The big corporate sustainability news this week was Target’s announcement of its new product sustainability standard. Starting with the categories of: household cleaners, personal care & beauty, and baby care, Target is developing criteria for what constitutes a more sustainable product. As reported in Greenbiz this week, suppliers whose products meet that criteria will be afforded “incremental merchandising and marketing assets not otherwise available to other brands”.
It’s not clear at this point how much Target’s criteria will overlap with The Sustainability Consortium’s Key Performance Indicators (KPIs) for these categories. Until now, the Walmart-supported TSC has been the predominant organization driving criteria to identify sustainable products by category.
This is a very significant announcement for consumer goods brands. Walmart is no longer the only multi-category retail chain incentivizing suppliers to provide more sustainable products to stock on their shelves.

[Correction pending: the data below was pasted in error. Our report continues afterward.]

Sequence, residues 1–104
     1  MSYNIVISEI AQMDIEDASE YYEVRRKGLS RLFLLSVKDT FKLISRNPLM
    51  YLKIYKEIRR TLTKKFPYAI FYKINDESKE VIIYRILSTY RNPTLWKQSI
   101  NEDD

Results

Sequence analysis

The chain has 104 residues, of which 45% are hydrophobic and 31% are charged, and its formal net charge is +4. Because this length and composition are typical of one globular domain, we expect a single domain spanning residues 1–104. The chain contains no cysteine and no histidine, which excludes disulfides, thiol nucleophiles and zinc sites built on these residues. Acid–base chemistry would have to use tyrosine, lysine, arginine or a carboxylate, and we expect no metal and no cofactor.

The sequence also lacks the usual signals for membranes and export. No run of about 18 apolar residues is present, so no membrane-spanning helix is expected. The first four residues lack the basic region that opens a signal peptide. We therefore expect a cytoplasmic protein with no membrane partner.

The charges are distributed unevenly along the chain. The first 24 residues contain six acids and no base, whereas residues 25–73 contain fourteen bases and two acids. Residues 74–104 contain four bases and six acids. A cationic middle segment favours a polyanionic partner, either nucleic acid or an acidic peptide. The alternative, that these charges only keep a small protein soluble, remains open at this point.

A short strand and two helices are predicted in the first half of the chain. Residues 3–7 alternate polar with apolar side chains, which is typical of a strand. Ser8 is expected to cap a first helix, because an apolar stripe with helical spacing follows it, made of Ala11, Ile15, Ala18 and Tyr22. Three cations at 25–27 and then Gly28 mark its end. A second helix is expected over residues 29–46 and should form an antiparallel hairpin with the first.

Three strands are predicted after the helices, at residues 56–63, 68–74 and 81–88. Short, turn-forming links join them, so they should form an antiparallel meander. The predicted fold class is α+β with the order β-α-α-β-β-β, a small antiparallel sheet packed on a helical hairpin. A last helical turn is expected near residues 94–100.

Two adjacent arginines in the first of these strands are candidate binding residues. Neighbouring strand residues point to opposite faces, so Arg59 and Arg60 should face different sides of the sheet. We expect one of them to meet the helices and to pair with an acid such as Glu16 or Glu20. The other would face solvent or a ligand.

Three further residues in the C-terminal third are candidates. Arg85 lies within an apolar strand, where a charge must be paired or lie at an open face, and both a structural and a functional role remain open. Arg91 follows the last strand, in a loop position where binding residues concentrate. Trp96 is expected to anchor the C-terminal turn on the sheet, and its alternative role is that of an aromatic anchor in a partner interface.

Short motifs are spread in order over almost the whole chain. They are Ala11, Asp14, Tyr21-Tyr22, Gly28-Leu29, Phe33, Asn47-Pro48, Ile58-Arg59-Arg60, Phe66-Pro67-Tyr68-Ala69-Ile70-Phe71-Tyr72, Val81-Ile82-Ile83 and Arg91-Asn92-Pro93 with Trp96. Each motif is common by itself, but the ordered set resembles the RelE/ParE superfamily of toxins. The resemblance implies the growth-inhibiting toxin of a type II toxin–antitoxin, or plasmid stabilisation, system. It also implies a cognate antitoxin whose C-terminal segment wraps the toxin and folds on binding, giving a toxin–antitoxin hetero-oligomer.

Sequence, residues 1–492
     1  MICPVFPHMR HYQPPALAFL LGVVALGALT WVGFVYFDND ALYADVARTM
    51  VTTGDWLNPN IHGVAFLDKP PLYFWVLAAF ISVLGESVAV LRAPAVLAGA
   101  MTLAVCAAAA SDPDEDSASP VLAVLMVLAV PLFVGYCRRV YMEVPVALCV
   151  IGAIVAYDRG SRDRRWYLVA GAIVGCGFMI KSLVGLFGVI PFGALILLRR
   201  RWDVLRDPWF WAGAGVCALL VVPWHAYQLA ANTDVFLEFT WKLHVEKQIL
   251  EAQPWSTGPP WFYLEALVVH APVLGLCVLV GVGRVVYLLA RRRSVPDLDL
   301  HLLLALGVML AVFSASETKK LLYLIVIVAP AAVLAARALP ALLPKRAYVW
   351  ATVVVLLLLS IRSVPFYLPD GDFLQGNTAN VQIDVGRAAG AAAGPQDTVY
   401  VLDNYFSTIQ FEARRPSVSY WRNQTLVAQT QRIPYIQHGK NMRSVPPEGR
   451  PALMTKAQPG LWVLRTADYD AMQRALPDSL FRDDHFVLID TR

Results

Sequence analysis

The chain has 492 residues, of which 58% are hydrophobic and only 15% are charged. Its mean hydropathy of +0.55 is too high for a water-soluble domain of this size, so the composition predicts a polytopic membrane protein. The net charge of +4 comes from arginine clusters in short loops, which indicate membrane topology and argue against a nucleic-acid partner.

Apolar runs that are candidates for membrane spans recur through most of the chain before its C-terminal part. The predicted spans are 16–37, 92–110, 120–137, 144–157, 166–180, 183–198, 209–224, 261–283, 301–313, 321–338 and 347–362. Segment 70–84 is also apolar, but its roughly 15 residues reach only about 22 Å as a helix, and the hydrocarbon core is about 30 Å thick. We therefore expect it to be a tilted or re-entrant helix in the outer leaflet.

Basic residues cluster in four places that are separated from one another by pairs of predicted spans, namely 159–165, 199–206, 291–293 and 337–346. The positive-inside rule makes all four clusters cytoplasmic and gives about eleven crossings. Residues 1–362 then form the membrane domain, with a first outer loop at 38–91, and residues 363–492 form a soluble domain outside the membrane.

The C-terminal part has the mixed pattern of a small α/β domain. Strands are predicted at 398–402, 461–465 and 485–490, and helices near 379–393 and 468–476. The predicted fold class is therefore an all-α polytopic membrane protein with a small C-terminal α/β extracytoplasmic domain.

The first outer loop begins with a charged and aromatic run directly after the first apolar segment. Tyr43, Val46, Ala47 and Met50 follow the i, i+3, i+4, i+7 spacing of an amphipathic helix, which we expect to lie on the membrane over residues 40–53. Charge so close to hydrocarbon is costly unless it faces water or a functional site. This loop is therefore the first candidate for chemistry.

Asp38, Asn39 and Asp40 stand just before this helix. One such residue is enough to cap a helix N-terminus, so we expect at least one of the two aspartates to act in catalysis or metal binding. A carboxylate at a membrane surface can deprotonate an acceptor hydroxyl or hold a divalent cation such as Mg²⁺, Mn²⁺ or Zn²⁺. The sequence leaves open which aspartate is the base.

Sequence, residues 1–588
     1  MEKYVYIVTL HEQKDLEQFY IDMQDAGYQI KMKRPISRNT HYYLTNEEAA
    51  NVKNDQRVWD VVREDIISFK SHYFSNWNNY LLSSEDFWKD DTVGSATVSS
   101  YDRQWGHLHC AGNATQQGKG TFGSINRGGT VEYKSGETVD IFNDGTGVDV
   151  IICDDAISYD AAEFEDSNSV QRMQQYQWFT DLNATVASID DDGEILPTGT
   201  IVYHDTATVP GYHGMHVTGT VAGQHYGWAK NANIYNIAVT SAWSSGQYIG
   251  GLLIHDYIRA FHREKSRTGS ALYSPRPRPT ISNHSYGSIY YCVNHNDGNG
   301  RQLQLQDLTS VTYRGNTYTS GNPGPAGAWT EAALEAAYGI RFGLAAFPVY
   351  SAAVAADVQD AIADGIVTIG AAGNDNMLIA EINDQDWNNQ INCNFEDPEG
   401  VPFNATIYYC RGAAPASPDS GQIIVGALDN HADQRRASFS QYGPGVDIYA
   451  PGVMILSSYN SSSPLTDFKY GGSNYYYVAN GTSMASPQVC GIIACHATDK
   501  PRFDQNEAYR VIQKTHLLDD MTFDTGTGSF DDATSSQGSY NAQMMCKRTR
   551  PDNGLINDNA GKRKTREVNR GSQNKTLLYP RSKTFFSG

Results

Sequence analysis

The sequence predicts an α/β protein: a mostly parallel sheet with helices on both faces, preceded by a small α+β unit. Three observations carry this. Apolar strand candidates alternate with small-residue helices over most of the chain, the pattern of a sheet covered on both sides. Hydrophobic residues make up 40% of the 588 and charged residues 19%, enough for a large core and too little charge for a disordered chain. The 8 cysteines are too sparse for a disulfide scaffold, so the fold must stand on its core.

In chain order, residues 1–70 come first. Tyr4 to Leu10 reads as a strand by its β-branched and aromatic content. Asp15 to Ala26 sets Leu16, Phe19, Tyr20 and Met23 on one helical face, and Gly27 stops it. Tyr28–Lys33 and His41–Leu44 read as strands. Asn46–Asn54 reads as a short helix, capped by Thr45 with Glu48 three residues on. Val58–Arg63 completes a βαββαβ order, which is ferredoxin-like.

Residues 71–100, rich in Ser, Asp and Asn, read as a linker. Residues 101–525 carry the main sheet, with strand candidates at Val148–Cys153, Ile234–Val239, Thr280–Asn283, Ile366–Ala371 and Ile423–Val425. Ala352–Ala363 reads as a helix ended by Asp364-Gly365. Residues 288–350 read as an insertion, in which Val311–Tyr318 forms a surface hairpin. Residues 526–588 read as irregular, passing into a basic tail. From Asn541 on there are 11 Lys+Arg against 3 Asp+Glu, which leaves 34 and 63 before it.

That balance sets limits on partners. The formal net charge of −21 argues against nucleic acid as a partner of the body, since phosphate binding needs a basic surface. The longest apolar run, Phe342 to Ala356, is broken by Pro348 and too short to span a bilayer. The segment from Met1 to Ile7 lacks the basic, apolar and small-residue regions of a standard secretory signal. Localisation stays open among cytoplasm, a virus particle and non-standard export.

A couple of years ago, World Wildlife Fund’s Jason Clay posed the hypothetical question: What if all of the products on our shelves were sustainable? What if we didn’t leave it to the consumer to navigate competing claims and information, and instead agreed to only produce and sell products that supported the health and longevity of the planet and its people? While this is still a rather utopian vision, it’s very encouraging to see some of our largest retailers taking steps down this path.